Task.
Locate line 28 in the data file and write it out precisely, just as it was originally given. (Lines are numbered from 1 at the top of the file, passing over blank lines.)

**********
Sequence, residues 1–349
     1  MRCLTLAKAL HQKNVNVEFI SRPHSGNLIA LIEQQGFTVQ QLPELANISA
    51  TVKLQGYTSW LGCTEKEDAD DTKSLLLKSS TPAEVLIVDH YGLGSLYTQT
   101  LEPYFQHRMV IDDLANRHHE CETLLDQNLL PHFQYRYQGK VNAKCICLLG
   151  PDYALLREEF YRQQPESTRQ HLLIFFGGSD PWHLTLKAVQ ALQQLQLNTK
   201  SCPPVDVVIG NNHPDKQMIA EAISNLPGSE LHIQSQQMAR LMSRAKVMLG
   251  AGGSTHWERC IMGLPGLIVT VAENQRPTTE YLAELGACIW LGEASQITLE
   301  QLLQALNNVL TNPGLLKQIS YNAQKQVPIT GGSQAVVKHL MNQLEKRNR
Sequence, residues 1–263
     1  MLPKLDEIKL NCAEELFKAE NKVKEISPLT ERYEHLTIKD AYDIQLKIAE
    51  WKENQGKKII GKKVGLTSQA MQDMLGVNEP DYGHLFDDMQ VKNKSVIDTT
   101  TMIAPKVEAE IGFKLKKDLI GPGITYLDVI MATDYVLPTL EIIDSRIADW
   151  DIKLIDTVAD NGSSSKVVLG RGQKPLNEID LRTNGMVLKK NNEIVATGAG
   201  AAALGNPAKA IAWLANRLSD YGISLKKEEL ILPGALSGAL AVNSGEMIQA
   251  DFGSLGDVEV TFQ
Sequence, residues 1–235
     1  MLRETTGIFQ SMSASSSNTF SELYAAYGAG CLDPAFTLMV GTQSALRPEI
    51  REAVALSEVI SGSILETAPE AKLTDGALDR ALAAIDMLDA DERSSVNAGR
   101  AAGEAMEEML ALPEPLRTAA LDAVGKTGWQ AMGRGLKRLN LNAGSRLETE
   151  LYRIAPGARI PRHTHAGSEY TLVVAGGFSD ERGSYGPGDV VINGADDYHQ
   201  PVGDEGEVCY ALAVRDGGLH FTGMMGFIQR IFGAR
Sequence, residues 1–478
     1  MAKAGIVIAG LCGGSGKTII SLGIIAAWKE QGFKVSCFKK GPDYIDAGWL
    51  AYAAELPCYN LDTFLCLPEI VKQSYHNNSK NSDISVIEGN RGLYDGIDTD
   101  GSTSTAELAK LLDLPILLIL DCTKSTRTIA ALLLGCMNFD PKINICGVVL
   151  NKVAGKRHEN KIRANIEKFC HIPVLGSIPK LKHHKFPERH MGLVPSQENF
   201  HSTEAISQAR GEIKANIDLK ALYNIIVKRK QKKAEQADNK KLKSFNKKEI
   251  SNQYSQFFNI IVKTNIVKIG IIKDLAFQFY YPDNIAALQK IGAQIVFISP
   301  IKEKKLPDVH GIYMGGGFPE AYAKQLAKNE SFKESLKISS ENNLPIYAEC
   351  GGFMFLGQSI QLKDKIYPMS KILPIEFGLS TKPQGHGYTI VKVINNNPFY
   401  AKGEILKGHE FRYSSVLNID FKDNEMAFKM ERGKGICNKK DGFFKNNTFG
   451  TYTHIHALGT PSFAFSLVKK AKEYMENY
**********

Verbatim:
   251  SNQYSQFFNI IVKTNIVKIG IIKDLAFQFY YPDNIAALQK IGAQIVFISP